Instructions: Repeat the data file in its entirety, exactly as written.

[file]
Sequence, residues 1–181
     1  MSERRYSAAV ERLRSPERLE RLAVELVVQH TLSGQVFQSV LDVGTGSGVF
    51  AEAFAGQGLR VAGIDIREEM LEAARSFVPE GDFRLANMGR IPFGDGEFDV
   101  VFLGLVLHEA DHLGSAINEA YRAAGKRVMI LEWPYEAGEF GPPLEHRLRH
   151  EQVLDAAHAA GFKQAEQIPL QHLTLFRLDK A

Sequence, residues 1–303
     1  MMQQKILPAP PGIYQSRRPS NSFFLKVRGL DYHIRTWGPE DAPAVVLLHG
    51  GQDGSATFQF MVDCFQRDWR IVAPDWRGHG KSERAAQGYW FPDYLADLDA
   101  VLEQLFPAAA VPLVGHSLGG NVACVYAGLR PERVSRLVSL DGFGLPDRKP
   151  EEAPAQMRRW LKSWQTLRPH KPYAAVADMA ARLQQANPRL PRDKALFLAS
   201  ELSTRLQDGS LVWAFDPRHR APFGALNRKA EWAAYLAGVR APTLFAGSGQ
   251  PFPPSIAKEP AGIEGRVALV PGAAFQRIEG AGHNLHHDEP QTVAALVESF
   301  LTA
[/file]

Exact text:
Sequence, residues 1–181
     1  MSERRYSAAV ERLRSPERLE RLAVELVVQH TLSGQVFQSV LDVGTGSGVF
    51  AEAFAGQGLR VAGIDIREEM LEAARSFVPE GDFRLANMGR IPFGDGEFDV
   101  VFLGLVLHEA DHLGSAINEA YRAAGKRVMI LEWPYEAGEF GPPLEHRLRH
   151  EQVLDAAHAA GFKQAEQIPL QHLTLFRLDK A

Sequence, residues 1–303
     1  MMQQKILPAP PGIYQSRRPS NSFFLKVRGL DYHIRTWGPE DAPAVVLLHG
    51  GQDGSATFQF MVDCFQRDWR IVAPDWRGHG KSERAAQGYW FPDYLADLDA
   101  VLEQLFPAAA VPLVGHSLGG NVACVYAGLR PERVSRLVSL DGFGLPDRKP
   151  EEAPAQMRRW LKSWQTLRPH KPYAAVADMA ARLQQANPRL PRDKALFLAS
   201  ELSTRLQDGS LVWAFDPRHR APFGALNRKA EWAAYLAGVR APTLFAGSGQ
   251  PFPPSIAKEP AGIEGRVALV PGAAFQRIEG AGHNLHHDEP QTVAALVESF
   301  LTA